You must create a command-line entry point, called hunt. This should use the entry_points facility in, to point toward a module designed for use as the entry point, in adventure/ This should use the Argparse library. When invoked with hunt mydungeon.yml --samples 500 the command must print on standard output the probability of finding the treasure in the specified dungeon, using the random walk strategy, after the specified number of test runs.

The dungeon.yml file should be a yml file containing a structure representing the dungeon state. Use the same structure as the sample code above, even though you’ll be building a Dungeon object from this structure rather than using it directly.

You must create unit tests which cover a number of examples. These should be defined in adventure/tests/ Don’t forget to add an file to that folder too, so that at the top of the test file you can ” from ..dungeon import Dungeon.” If your unit tests use a fixture file to DRY up tests, this must be called adventure/tests/fixtures.yml. For example, this could contain a yaml array of many dungeon structures.

You should git init as soon as you create the top-level folder, and git commit your work regularly as the exercise progresses.

Suggested Marking Scheme

If you want to self-assess your solution you can consider using the marking scheme below.

  • Code in, implementing the random walk strategy: (5 marks)

    • Which works. (1 mark)

    • Cleanly laid out and formatted - PEP8. (1 mark)

    • Defining the class Dungeon with a valid object oriented structure. (1 mark)

    • Breaking down the solution sensibly into subunits. (1 mark)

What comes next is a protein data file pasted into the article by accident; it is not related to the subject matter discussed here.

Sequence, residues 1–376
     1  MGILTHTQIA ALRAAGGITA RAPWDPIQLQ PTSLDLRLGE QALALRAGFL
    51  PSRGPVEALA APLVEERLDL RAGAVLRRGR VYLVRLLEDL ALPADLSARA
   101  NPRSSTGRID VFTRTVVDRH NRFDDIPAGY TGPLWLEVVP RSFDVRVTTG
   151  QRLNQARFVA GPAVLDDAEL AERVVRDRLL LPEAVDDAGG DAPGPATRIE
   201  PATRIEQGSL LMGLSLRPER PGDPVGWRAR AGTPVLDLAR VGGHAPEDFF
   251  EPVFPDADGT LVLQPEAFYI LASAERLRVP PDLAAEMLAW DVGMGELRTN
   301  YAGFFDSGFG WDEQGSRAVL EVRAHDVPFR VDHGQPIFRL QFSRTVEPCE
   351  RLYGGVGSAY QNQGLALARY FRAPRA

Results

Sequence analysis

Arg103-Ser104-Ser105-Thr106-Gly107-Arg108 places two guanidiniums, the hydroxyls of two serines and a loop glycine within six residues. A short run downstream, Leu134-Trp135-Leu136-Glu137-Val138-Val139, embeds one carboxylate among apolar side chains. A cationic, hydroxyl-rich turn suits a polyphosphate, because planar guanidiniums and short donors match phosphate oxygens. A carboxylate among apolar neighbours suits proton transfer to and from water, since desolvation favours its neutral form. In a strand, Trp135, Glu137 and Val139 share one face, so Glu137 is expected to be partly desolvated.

• Structured so that it could be used as a base for other strategies. (1 mark)

  • Command line entry point: (4 marks)

    • Accepting a dungeon definition text file as input. (1 mark)

    • With an optional parameter to control sample size. (1 mark)

    • Which prints the result to standard out. (1 mark)

    • Which correctly uses the Argparse library. (1 mark)

    • Which is itself cleanly laid out and formatted. (1 mark)

  • file: (5 marks)

    • Which could be used to pip install the project. (1 mark)

    • With appropriate metadata, including version number and author. (1 mark)

    • Which packages code (but not tests), correctly. (1 mark)

    • Which specifies library dependencies. (1 mark)

    • Which points to the entry point function. (1 mark)

  • Three other metadata files: (3 marks)

    • Hint: Who did it, how to reference it, who can copy it.

  • Unit tests: (5 marks)

    • Which test some obvious cases. (1 mark)

    • Which correctly handle approximate results within an appropriate tolerance. (1 mark)

    • Which test how the code fails when invoked incorrectly. (1 mark)

    • Which use a fixture file or other approach to avoid overly repetitive test code. (1 mark)

    • Which are themselves cleanly laid out code. (1 mark)

  • Version control: (2 marks)

    • Sensible commit sizes. (1 mark)

    • Appropriate commit comments. (1 mark)

Total: 25 marks